McCarty said in the Alliance's correspondences with legislative committees regarding the housing crisis, its demands to restore rent burden to "at least pre-pandemic levels" have "floundered."
"Although legislators expressed their support of bills that would relieve tenants, we still do not have a solution to the crisis," she said. "Grassroots organizations like CAT have filled the gaps in our communities, helping tenants fend off inevitable evictions."
"Even before the public health crisis, many of our low-income communities and communities of color were in a housing crisis," McCarty told Pamplin Media Group. "Every year the cost of housing goes up, seemingly without a cap. We do have Senate Bill 608, which is not a rent cap, but it does provide some relief from rising rents. But regardless, no one's income is going up at the rate of 10% a year, and many of our landlords are still increasing the rents up to the limit that is possible for them. And that's beyond the reach of many people."
Diandre Robinson, tenant education coordinator for the Alliance, said during the press conference that he and his colleagues get calls "every single day" from tenants who are unable to pay next month's rent, scared about the possibility of being evicted and largely not being served by their local and state governments.
McCarty said that despite the best efforts of the Alliance and other mutual aid organizations, they alone cannot make the problem go away.
"We try to help you out as much as we can. We use all our resources that we can. But it's really not up to us," Robinson said. "It's really up to the government: (Gov.) Kate Brown, Oregon state, the nation's government."
McCarty said that the projected 125,000 households that could soon receive eviction notices represent roughly three in every 100 state residents.
"The frightening fact is this number is merely the number of households that could receive eviction notices very soon here, not the number of people affected by those evictions," she added. "So we don't really know the actual scale of these evictions. Entire families, friends and networks could be broken up by these mass evictions."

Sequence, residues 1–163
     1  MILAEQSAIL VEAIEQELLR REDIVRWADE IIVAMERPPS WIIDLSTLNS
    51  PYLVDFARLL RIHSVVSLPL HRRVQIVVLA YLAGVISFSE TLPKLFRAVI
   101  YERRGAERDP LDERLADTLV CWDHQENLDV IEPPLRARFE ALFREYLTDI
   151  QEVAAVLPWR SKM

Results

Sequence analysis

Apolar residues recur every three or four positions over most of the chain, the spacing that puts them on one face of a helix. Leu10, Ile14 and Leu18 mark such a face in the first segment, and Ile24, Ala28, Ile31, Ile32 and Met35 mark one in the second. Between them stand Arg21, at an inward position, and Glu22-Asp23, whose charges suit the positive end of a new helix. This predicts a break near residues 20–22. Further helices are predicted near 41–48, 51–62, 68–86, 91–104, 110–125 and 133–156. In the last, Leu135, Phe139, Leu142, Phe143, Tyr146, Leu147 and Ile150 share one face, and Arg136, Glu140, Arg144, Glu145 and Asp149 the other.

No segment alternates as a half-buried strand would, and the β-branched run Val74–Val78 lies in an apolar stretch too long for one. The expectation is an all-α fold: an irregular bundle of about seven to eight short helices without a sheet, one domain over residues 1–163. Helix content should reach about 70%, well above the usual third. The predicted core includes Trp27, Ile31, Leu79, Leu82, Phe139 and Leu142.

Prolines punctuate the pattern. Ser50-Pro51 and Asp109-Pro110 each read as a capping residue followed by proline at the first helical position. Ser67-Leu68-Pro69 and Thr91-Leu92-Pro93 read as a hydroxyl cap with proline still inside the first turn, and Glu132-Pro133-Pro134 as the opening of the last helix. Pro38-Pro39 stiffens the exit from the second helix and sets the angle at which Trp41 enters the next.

Biden has not announced further stopgap measures beyond the eviction moratorium's Oct. 3 expiration date, despite high numbers of at-risk tenants across the nation and ongoing demands from tenant advocacy groups.
"We don't see where the safety net is," McCarty said. "There is no time to act like this is normal."
Six years ago, the alliance declared a renter state of emergency that has yet to be lifted, but McCarty said leaders ignored the declaration, abandoning tenants "in their greatest time of need" instead of "taking bold, sweeping actions" to protect them.
"We saw more tents, and more expensive towers go up around the state, while our Black, Indigenous, Asian, Pacific Islander, Latinx, immigrant and refugee communities slipped further into the jaws of the eviction machine," McCarty said.
"Now, on the heels of a global pandemic, historic racial injustice and the justice protests, massive wildfires that have destroyed entire towns and a massive rush to reopen Oregon's businesses, we see scores of our most vulnerable residents uncertain if there's a place that they can even call home anymore, in this 'new normal.'"
You count on us to stay informed and we depend on you to fund our efforts. Quality local journalism takes time and money. Please support us to protect the future of community journalism.